yarn add --dev babel-cli babel-plugin-flow-react-proptypes rimraf

rimraf is the rm -rf util for node.js

Then by setting up your babelrc.

  "presets": ["..."],
  "plugins": ["flow-react-proptypes"]

And finally setting up builds command in your package.json.

  "scripts": {
    "build": "npm run build:clean && npm run build:dist",
    "build:clean": "rimraf dist",
    "build:dist": "babel src --out-dir dist"

That’s all there is to it!

Real world example

This is taken from a react component I built that renders markdown, react-markdown-renderer.

/* @flow */

import React from 'react';
import Remarkable from 'remarkable';

type PropsType = {
  markdown: string,
  options?: Object,

export default function MarkdownRenderer({
  options = {},
}: PropsType) {
  const remarkable = new Remarkable(options);
  const html = remarkable.render(markdown);

  return <div {...props} dangerouslySetInnerHTML={{ __html: html }} />;


function MarkdownRenderer(_ref) {
  var markdown = _ref.markdown,
    _ref$options = _ref.options,
    options = _ref$options === undefined ? {} : _ref$options,
    props = _objectWithoutProperties(_ref, ['markdown', 'options']);

  var remarkable = new _remarkable2.default(options);
  var html = remarkable.render(markdown);

  return _react2.default.createElement(
    _extends({}, props, { dangerouslySetInnerHTML: { __html: html } })

MarkdownRenderer.propTypes = {
  markdown: require('react').PropTypes.string.isRequired,
  options: require('react').PropTypes.object,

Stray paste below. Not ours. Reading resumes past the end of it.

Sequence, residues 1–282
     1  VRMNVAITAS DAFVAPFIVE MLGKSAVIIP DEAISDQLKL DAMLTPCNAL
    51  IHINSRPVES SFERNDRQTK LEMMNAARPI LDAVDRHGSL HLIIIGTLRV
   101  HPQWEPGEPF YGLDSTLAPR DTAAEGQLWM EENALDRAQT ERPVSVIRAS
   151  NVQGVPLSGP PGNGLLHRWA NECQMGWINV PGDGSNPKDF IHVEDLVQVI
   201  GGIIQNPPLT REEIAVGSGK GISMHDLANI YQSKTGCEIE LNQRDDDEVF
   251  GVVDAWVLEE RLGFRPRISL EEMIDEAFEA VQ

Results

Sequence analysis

Compiled Source. (Some code has been removed to make reading easier).

Shipping flow definitions in npm packages

Now that we have shipped PropTypes in our npm packages we can extend our packages to also include our flow definitions.

You start by install flow-copy-source.

yarn add flow-copy-source --dev

And finally setting up builds command in your package.json.

  "scripts": {
    "build": "npm run build:clean && npm run build:dist",
    "build:clean": "rimraf dist",
    "build:dist": "babel src --out-dir dist",
    "build:flow": "flow-copy-source src dist"

flow-copy-source will (by default) copy all *.js files in src and copy them into the target directory dist, all while preserving the original directory hierarchy. The files that are copied get a different file-ending, called *.js.flow.

This works because flow resolves modules in the same way as node does. If you are importing my-lib, by default flow will look into my-lib and try to find the type definitions, but unfortunately all of our files get compiled into ES5 code, so we loose all of our type definitions.

Luckily if flow finds files with a *.js.flow file ending, it will prefer them over the actual *.js file. So by including the additional files, we will inform flow about the types that are exposed by our ES5 file.

ryyppy wrote a great article on this, it’s well worth a read.

Future Posts

  • getting started with flow
  • in depth migrating from PropTypes to flow